It seems some days that getting an education is portrayed as the pursuit of mugs and fools. I have lost count of the articles and blogs I read, and the talking heads I hear, spouting nonsense about the folly of pursuing a college education or an advanced degree like an MBA. It is a large and recurring theme in startup land - the argument that real entrepreneurs don't need an education, or that an education (or an MBA) is just an impediment to the inherent greatness and creativity of the entrepreneur. It's a theme presented through the images of the down trodden BAs who can't get jobs, and stories of overpriced liberal arts colleges pumping out graduates with "no skills." And, you know what? It is SO MUCH NONSENSE.
Entrepreneurship is a human behavior, without question. People who are entrepreneurial often seem to be born into it. However, growing a successful business is not instinctive. It is a journey, and one that is more likely to be successful if the people involved have knowledge and context to guide their instincts. Moreover, a successful business needs a team, and some members of the team need to have detailed skills. One of the best examples of this I have seen is the appreciation of competition. Each business has it, and a successful business must overcome competition to succeed. An instinctive entrepreneur often believes she has no competition. An educated individual appreciates how markets work and how supply and demand forces shapes competition. In other words, education provides context and a framework for instinct.
While it is wonderfully exciting to talk about high school graduates that succeed because they throw off the shackles of a college education, the reality is that for most mere mortals an education is vitally important. In a given population, there will always be outliers, of both success (internet millionaire) and failure (BA cab driver), but for the substantial majority of a group, having an education is essential both for themselves and for society as a whole.
"Any sufficiently advanced technology is indistinguishable from magic."
-- Arthur C. Clarke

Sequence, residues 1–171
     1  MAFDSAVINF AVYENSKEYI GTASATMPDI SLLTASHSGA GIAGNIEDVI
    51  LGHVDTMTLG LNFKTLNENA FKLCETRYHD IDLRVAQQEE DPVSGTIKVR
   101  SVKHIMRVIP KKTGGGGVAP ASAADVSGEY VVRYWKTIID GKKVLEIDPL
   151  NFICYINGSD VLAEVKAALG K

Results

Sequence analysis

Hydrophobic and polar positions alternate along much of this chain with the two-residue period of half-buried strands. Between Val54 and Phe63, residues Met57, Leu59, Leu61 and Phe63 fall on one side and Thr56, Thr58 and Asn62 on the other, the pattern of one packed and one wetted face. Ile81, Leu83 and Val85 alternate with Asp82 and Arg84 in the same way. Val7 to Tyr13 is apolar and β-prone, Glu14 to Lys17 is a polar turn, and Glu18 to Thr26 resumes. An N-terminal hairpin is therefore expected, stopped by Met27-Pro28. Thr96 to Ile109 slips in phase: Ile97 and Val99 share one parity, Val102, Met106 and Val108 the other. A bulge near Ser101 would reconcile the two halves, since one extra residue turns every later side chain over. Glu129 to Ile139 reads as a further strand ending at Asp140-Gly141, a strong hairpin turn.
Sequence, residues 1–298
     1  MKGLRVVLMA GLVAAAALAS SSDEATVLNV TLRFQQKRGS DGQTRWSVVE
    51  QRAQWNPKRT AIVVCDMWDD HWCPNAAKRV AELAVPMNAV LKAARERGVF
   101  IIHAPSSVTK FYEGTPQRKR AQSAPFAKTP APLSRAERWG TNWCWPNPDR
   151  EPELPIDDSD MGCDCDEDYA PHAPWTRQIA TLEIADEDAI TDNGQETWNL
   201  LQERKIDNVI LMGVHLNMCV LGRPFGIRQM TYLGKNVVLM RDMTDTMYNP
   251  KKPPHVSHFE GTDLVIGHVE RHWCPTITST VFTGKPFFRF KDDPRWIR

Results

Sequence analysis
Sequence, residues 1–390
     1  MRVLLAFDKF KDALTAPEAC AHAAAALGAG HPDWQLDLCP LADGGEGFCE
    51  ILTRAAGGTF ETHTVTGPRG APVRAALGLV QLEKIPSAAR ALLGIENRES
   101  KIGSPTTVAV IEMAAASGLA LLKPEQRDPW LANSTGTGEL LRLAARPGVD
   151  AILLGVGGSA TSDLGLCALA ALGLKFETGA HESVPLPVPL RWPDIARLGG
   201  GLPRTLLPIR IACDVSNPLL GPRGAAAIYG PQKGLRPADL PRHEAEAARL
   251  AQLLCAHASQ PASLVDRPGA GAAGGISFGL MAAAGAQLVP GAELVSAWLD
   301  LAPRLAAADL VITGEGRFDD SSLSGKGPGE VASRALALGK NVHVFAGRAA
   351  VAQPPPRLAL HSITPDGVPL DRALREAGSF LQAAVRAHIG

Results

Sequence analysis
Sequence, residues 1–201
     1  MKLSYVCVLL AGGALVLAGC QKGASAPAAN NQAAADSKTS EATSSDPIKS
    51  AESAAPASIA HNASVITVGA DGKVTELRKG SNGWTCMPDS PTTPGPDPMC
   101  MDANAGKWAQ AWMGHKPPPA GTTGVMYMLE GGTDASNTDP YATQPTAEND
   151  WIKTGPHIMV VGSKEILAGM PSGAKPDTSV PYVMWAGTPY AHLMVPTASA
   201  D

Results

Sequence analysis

We live in a highly complex society and world. Material and physical science has progressed to the point where the composition of matter can be explained from the subatomic level upward to the universe itself. The understanding of the composition of DNA and the mechanics of life has progressed to a level of understanding that allows scientists to utilize software to predict protein sequences and use DNA to store computer data. We are linked together through spinning electrons, waves, minerals and materials that we can manipulate and triangulate down to the head of a pin. Our economy is shaped by the creation of money out of thin air, traded by computers and converted into goods, and then back again in a complex ballet of interrelationships. There are dependencies, externalities, ideologies and typologies everywhere you look. If you think that you can understand this last paragraph by instinct I wish you the best.
Without education and the ability to gather an appreciation for the highly complex world within which we now live, a citizen cannot really participate. You can't compete in a game where you don't have the tools. In addition, there is something more important at stake. Without an education the world appears unstructured and random. It appears magical. But, not in a pleasant, Game of Thrones kind of way. It appears magical in the way that anything is possible, and everything is relative. When that happens, jet contrails in the sky can be a government plot to seed clouds just as easily as a natural reaction to jet exhaust in the upper atmosphere, and zero point energy can get just around the corner.
The reality is that our populace needs to be educated for our democracy to function and our economy to grow. Society exists because we stand on the shoulders of those that have come before. We build our lives on the knowledge that our predecessors leave behind. Today's software engineers use technology built by those that come before, and our scientists build knowledge on the theories proven by those that preceded them. Politics and social trends are built upon the experiences of our parents and so forth. None of us figure out everything during our lifetime, no matter how smart and brilliant we are. Moreover, we are smarter and progress further, when we get the head start of the knowledge of those that have come before.
This does not mean, however, that our education system gets a pass as it currently exists. Many of our universities have wildly inefficient business models, and have raised their prices not because of inherent value, but as a way to signal exclusivity and limit access. The world of education, particularly higher education, needs structural reform. However, to state that the education industry needs to understand and serve its customers is not the same thing as saying that the product that they sell is not valuable.
Overall, my belief is that an education, of whatever type, provides value to the student if the student applies herself and develops the ability to stand on the shoulders of those that have come before. It is up to the student to decide whether the education overall allows her to stand on shoulders that matter and provide opportunity (in other words, whether learning Eastern European literature is as economically viable as studying Ruby on Rails or chemistry). The truth of education is that we should support it as a societal value, and leave it to the free market for students to determine what they want to pursue.
The next time you hear a voice argue otherwise, I want you to ask yourself "why does this person rail so loudly against education?" Or, ask them. I suspect you'll find the answer they give will have more to do with themselves than they would like to reveal.